Title: Poetry, Verse, A Season in Hell / Poésies, Vers, Une Saison en Enfer
Author: Arthur Rimbaud
Publisher: Mercure De Francer, Paris, 1946
Condition: Hardcover, leather spine and corners with hard boards. In very good condition, pages evenly tanned, firmly bound. A rare edition of three books of Rimbaud’s rebound into a single volume.
All text is in the original French.
About the Author (from Wikipedia):
Jean Nicolas Arthur Rimbaud (1854 – 1891) was a French poet born in Charleville, Ardennes. He influenced modern literature and arts, inspired various musicians, and prefigured surrealism. He started writing poems at a very young age, while still in primary school, and stopped completely before he turned 21. He was mostly creative in his teens (17-20). His “genius, its flowering, explosion and sudden extinction, still astonishes”.
Rimbaud was known to have been a libertine and a restless soul. He traveled extensively on three continents before his death from cancer just after his thirty-seventh birthday.
Rimbaud’s poetry, as well as his life, influenced many 20th century writers, musicians and artists, including Pablo Picasso, Dylan Thomas, Henri Cartier-Bresson, Allen Ginsberg, Vladimir Nabokov, Bob Dylan, Luis Alberto Spinetta, Patti Smith, Giannina Braschi, Léo Ferré, Henry Miller, Van Morrison, Penny Rimbaud, Jim Morrison, and Trent Reznor.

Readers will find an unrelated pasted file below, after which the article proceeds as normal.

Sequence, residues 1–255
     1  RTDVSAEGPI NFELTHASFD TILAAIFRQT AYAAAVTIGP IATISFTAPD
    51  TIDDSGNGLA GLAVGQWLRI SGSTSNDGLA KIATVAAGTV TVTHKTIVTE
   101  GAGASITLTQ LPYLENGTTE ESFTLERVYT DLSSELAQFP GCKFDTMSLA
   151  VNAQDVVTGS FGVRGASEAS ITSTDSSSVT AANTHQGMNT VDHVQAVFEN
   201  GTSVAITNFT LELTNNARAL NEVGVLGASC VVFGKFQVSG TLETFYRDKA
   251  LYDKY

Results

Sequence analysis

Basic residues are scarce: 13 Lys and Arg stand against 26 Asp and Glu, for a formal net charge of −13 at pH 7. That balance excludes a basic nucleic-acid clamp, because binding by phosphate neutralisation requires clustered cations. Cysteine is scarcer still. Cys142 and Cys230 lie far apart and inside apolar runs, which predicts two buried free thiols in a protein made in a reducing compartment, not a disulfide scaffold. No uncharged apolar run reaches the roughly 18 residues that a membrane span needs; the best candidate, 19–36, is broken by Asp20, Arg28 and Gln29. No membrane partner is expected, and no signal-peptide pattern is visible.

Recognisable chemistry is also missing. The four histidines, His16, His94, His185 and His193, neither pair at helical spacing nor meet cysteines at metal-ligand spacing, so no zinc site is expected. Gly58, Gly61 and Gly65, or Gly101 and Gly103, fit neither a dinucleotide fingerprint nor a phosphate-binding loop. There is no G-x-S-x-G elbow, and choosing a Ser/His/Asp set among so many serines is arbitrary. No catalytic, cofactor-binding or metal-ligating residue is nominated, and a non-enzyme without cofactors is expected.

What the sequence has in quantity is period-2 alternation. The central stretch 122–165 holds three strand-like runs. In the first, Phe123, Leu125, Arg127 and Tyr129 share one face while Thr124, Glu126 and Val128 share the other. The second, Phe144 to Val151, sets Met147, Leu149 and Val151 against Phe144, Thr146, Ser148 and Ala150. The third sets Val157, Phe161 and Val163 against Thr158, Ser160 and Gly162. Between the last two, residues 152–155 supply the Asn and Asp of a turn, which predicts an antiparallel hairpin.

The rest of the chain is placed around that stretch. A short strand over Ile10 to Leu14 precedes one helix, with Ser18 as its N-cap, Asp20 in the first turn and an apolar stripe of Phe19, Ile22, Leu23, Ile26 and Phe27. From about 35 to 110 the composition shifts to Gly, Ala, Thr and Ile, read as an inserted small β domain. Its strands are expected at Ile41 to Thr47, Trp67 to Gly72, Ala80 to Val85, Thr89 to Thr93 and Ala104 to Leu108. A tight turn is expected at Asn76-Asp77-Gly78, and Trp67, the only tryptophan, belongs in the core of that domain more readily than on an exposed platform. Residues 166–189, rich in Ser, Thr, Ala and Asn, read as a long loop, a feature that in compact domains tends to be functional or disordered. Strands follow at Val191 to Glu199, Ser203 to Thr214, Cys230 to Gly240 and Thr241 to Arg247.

A Season in Hell (Une Saison en Enfer) is an extended poem in prose written and published in 1873. It is the only work that was published by Rimbaud himself. The book had a considerable influence on later artists and poets, including the Surrealists.
Rimbaud began writing the poem in April 1873 during a visit to his family’s farm in Roche, near Charleville on the French-Belgian border. According to Bertrand Mathieu, Rimbaud wrote the work in a dilapidated barn. In the following weeks, Rimbaud travelled with poet Paul Verlaine through England and Belgium. They quarreled frequently, and Verlaine had bouts of suicidial behavior and drunkenness. When Rimbaud announced he planned to leave, Verlaine fired three shots from his revolver, wounding Rimbaud once, and after subsequent threats of violence Verlaine was arrested and incarcerated to two years hard labour. After their parting, he returned home to complete the work and published A Season in Hell. However, when his reputation was marred because of his actions with Verlaine, he received negative reviews and was snubbed by Parisian art and literary circles. In anger, Rimbaud burned his manuscripts and likely never wrote poetry again.
According to some sources, Rimbaud’s first stay in London in late 1872 and early ’73 converted him from an imbiber of absinthe to a smoker of opium. According to biographer, Graham Robb, this began “as an attempt to explain why some of his [Rimbaud’s] poems are so hard to understand, especially when sober”. The poem was by Rimbaud himself dated April through August 1873, but these are dates of completion. He finished the work in a farmhouse in Roche, Ardennes.
There is a marked contrast between the hallucinogenic quality of Une Saison’s second chapter, “Mauvais Sang” (“Bad Blood”) and even the most hashish-influenced of the immediately preceding verses that he wrote in Paris. Its third chapter, “Nuit de l’Enfer” (literally “Night of Hell”), then exhibits a refinement of sensibility. The two sections of chapter four apply this sensibility in professional and personal confession; and then, slowly but surely, at age 19, he begins to think clearly about his real future; the introductory chapter being a product of this later phase.